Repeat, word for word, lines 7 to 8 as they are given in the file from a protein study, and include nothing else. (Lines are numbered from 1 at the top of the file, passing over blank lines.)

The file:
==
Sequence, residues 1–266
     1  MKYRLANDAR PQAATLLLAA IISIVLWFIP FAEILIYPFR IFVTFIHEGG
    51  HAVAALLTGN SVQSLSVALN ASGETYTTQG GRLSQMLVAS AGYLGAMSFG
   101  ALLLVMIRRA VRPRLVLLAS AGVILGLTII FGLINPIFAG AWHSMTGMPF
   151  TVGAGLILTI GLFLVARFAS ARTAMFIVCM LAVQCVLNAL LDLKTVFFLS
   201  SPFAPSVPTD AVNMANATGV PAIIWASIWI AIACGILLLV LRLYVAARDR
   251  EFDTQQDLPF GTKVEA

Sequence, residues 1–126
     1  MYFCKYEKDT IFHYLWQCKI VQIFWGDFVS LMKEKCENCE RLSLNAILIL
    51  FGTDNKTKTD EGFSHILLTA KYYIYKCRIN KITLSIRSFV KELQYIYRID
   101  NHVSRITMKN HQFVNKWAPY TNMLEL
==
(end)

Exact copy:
   251  EFDTQQDLPF GTKVEA

Sequence, residues 1–126